The Gladue Awareness Project aims to educate justice personnel and Indigenous communities as to the application of the Gladue and Ipeelee decisions, but also to create discussion as to how the issue of the over-incarceration of Indigenous offenders can be addressed. One of the ways the NLC did this was by developing materials – booklets and pamphlets – that educate about Gladue and that are to be distributed to courtrooms and Indigenous communities all over Saskatchewan. The main way though, is by preparing interactive seminars on Gladue that are currently and will be presented throughout Saskatchewan to those who participate in the criminal justice system. The discussions and solutions, suggestions proposed will be included in a final report, written by the Gladue Awareness Project Officer, Regina lawyer Michelle Brass. My role in this project has been to assist Michelle (a Saulteaux lawyer specializing in Indigenous and Environmental Law and an all-around amazing person) with editing the booklets and pamphlets, researching information and Saskatchewan cases and coordinating the seminars. I also got to help out at two of the seminars, which I will discuss in another post.

My experience so far in this project has been very eye-opening. I have learned a lot of things about project management and the application of the Supreme Court decisions by the Saskatchewan courts, but the most important things I have learned have been about the disparities that exist within a single country – my country. I did not think I would be shocked by the Indigenous realities in the Prairies, since I myself come from an Inuit community in Northern Quebec. However, while my community and other Inuit and James Bay Cree communities have certain social and justice programs – including a lot of Gladue reports and alternative justice measures – in place because of Land Claims Agreements, that is not the case in Saskatchewan. The optimism of the Supreme Court seemed out of touch with the reality of the Prairies.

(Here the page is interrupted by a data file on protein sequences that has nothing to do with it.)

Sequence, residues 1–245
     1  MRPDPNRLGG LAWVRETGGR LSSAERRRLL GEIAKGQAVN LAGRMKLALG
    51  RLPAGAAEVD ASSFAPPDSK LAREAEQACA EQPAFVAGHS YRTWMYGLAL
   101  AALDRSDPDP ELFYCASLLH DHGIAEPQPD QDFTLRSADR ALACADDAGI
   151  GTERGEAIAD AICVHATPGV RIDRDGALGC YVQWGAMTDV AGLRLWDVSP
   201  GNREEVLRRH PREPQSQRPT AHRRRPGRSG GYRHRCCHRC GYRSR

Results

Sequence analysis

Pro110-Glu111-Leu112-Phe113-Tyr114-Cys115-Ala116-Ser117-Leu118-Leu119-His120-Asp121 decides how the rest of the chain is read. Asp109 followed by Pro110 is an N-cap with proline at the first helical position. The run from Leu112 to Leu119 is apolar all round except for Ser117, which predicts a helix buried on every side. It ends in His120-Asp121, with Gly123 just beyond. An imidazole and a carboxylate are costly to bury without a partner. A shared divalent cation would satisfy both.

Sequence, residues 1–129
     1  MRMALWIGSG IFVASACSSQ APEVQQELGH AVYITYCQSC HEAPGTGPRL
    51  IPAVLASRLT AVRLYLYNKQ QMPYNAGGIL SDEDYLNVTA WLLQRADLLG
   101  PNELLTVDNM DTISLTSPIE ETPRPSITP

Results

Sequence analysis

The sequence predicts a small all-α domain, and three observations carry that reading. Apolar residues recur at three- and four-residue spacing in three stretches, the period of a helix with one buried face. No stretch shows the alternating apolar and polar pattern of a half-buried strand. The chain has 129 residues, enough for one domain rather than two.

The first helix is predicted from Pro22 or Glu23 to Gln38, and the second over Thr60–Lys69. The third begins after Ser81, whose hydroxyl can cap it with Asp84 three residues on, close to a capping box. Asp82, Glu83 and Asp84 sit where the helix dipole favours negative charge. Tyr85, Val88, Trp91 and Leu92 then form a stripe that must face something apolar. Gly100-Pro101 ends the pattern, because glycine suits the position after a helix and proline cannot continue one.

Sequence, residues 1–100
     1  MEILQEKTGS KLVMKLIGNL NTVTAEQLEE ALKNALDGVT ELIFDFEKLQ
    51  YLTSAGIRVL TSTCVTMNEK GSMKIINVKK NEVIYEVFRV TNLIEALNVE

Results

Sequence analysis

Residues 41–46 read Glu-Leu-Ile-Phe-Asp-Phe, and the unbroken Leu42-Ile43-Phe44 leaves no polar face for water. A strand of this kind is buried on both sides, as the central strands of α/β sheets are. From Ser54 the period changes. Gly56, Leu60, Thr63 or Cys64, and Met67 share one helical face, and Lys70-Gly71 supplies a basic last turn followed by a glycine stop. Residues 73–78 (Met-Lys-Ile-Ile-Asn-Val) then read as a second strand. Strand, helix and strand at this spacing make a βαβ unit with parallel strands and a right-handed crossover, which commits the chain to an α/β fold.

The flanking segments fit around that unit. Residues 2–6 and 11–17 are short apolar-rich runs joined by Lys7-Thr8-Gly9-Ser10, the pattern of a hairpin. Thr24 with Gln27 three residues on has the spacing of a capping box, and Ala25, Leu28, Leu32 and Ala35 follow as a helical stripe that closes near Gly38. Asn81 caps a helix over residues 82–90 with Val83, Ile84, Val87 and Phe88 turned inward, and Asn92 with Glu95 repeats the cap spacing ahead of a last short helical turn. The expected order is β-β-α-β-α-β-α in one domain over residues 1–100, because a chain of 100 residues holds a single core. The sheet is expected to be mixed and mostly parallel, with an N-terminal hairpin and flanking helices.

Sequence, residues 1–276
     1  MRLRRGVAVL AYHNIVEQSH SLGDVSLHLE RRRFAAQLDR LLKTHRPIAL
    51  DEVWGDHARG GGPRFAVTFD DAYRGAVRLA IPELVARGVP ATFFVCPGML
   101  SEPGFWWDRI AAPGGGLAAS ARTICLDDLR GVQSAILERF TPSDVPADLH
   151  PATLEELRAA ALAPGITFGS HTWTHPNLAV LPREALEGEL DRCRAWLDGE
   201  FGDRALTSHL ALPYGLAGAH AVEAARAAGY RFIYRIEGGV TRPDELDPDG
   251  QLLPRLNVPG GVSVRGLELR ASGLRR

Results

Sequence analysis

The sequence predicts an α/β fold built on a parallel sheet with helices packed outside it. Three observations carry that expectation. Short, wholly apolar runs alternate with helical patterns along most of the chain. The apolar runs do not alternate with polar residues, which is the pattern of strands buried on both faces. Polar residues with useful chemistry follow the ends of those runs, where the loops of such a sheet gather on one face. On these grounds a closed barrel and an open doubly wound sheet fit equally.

Nevertheless, I also had a lot of positive experiences learning about First Nations and Métis cultures in Saskatchewan. Being Inuk, I did not know much about First Nations and Métis cultures, which are very different from Inuit culture. During the first weeks of my internship, I got to see grass dancers, a tipi raising and a traditional Plains Cree pipe-smoking ceremony that took place during the naming ceremony for the Centre. I got to sit in on a customary adoption seminar, during which First Nations elders discussed their experiences and the customary laws surrounding the practices. I also got to visit the traditional buffalo-hunting grounds of the Plains Cree and learn about many of their traditions (hunting, different properties of plants, tipi making, hoop dancing…) at the Wanuskewin Heritage Park just outside of Saskatoon. Most importantly though, I got to speak with people (students, professors, employees of the Centre…) from all over the country, which made me learn about their respective Indigenous cultures that I would have probably never heard of, had I stayed in Québec.

Grass dancer at the naming ceremony at the Wiyasiwewin Mikiwahp Native Law Centre
Tipi raising – the before
Tipi raised – the after

Before I end this blog post, I would really recommend that you (the reader of this blog post) go check out the art of Cree artist Allen Sapp from Red Pheasant First Nation (just an hour and a half North of Saskatoon) C’est mon coup de coeur de la Saskatchewan!

[1] Wiyasiwewin Mikiwahp Native Law Centre, “Native Law Centre”, (9 July 2018), online: <>.

[2] R v Halkett, 2016 SKPC 65, at para 61, [2016] S.J. No. 321 [Halkett].